< Earlier Kibitzing · PAGE 3 OF 3 ·
|Jun-13-07|| ||Crowaholic: <kkshethin: I think 34 Rf1 followed by Bh6 will also be a nice combination>|
Where is the winning plan for White after 34. Rf1 Qd3+ 35. Rf3 Qd7 36. Bh6 Qe7 ?
|Jun-13-07|| ||YouRang: <DIO: How about 34. Bh6 threatening 35. Rf1 and mate next move? >|
I think you need to address the same idea: What if 34...Qd3+?
|Jun-13-07|| ||DIO: Thanks YouRang. As I write above, 34 ... Qd3+ will be followed with 35. Kh4, with no more checks.|
|Jun-13-07|| ||playground player: When I tried Rxh7, my plan dissolved in perpetual check by the Black Queen. Congrats to <You Rang> for finding Kg2 as the way out of that mess! His talents are wasted as a mere butler.|
|Jun-13-07|| ||DIO: YouRang, to your other point, with 35 ... Qe7, white plays 36. Rf1, with a double mate threat, one at f7 and one at f8. Again, tell me where I am wrong.|
|Jun-13-07|| ||kevin86: Did someone switch the Monday and Wednesday puzzles? A possibility of queen checks by black forces a quick move for attack. ♖xh7! just screams out. It threatens mate If black attempt to stop the mate by ♖f8,white plays ♖h8+ taking the guard off the rook and mating very quickly.|
black has only one check-which white parries with ease by hiding the ♔ at h4
|Jun-13-07|| ||YouRang: <DIO: Thanks YouRang. As I write above, 34 ... Qd3+ will be followed with 35. Kh4, with no more checks.>|
35...Qd8+! You missed one! :-)
I think you'll find that black can adequately guard f8 and f7 now.
|Jun-13-07|| ||Justawoodpusher: Feels good to have seen all the lines here after missing yesterdays puzzle but I marvel about <prinsallan> having seen this all in less than 10 seconds.|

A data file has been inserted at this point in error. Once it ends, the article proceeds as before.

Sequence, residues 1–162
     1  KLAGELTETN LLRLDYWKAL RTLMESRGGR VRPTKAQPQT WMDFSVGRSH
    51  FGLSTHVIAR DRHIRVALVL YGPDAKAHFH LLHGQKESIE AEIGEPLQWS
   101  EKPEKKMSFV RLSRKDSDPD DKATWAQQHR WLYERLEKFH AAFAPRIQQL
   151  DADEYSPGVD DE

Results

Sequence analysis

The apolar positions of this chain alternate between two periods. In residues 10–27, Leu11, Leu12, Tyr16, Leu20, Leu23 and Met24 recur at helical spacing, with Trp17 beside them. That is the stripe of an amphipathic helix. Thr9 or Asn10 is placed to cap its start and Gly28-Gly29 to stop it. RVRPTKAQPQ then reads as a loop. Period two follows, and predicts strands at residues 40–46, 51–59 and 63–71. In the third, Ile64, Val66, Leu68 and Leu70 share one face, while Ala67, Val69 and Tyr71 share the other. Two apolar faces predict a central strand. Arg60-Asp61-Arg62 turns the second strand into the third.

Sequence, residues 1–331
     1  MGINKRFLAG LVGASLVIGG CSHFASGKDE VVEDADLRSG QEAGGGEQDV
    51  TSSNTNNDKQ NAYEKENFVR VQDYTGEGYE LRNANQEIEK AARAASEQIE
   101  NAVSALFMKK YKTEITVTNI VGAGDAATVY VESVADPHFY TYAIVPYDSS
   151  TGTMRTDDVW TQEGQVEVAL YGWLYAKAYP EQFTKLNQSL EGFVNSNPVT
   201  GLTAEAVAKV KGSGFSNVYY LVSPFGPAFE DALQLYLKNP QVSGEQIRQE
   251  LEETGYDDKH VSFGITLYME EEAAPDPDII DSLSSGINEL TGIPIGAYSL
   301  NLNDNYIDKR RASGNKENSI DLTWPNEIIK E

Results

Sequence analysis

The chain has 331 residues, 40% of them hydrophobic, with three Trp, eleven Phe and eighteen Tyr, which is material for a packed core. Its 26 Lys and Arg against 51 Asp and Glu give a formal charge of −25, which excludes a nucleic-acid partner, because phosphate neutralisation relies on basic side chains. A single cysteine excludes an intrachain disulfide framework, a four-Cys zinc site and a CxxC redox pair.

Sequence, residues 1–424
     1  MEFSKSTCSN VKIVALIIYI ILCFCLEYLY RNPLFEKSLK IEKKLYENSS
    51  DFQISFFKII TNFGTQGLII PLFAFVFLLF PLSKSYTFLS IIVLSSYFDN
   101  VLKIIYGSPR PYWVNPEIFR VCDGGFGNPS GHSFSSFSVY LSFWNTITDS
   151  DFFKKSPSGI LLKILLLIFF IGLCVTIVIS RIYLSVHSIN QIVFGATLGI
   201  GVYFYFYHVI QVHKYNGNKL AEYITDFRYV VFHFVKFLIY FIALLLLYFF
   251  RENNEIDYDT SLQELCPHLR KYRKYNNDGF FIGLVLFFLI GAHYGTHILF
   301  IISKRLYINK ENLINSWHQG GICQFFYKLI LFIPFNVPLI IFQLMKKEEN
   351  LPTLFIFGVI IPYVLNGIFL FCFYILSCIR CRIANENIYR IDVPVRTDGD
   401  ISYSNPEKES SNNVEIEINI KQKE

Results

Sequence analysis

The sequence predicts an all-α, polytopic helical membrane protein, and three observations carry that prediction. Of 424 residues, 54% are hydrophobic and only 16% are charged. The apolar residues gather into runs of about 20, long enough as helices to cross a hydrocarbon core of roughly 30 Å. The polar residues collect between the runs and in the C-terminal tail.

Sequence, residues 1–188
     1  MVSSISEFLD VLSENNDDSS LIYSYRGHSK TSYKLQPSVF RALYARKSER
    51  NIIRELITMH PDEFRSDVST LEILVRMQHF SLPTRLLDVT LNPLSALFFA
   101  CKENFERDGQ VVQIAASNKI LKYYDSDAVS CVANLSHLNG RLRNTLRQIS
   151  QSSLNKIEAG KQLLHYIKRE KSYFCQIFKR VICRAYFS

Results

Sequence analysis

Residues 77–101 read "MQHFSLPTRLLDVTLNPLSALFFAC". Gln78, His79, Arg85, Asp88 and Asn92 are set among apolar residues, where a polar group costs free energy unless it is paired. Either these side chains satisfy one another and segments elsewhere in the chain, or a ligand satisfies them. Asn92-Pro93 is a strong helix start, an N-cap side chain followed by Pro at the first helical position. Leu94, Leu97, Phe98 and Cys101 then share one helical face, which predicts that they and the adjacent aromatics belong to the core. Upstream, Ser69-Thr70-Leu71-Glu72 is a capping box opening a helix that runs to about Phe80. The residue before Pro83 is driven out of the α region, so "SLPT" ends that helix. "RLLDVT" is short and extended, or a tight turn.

|Jun-13-07|| ||Sredni Vashtar: For the benefit of those who cannot be bothered to read the prior postings and keep posting ideas that were refuted multiple times:|
Perpetual check idea starting with 34 ... Qe1+ is refuted by 35.Kg2 (see <whatthefat> and <cu8sfan>, page 1 of comments).
34.Rf1 does not win after 34 .. Qd3+ and 35 .. Qd7 (see <scholes> and <tal lover>, page 1 of comments).
... Rf8 defense proposed for the black loses after white plays Rh8+ (<Gilmoy> and <dzechiel>, page 1 of comments).
The only novel ideas after the first page come from <DIO: How about 34. Bh6 threatening 35. Rf1> and <kkshethin: ... 34 Rf1 followed by Bh6> For the first one, the complete refutation arising from <DIO> and <YouRang>'s dialog is: 34. Bh6 Qd3+ 35. Kh4 Qd7 36. Rf1 Qe7+. For the second one, <Crowaholic> disposed of it already.
|Jun-13-07|| ||newton296: <kkshethin> I also saw 34) Rf1 with threat of mate after Q f7 + so doesn't black have too play his Q to d7 with ...Q d3+ r f3 ...Q d7 but now white has Bh6 threatning mate again with Q sak at f8 ! What can black do ? Am I missing some move here??|
|Jun-13-07|| ||newton296: I missed that black can play ... Qd7 after Bh6 covering f8 . nevermind!|
|Jun-13-07|| ||syracrophy: Why not continue the checks with 33...Qd3+? The exchange of queens is not possible, since it´s a winning endgame for Black|
|Jun-13-07|| ||newton296: I guess i'm too lazy today as I found Rxh7! in seconds but gave up on the line due to blacks checks . lazy lazy tss tss!|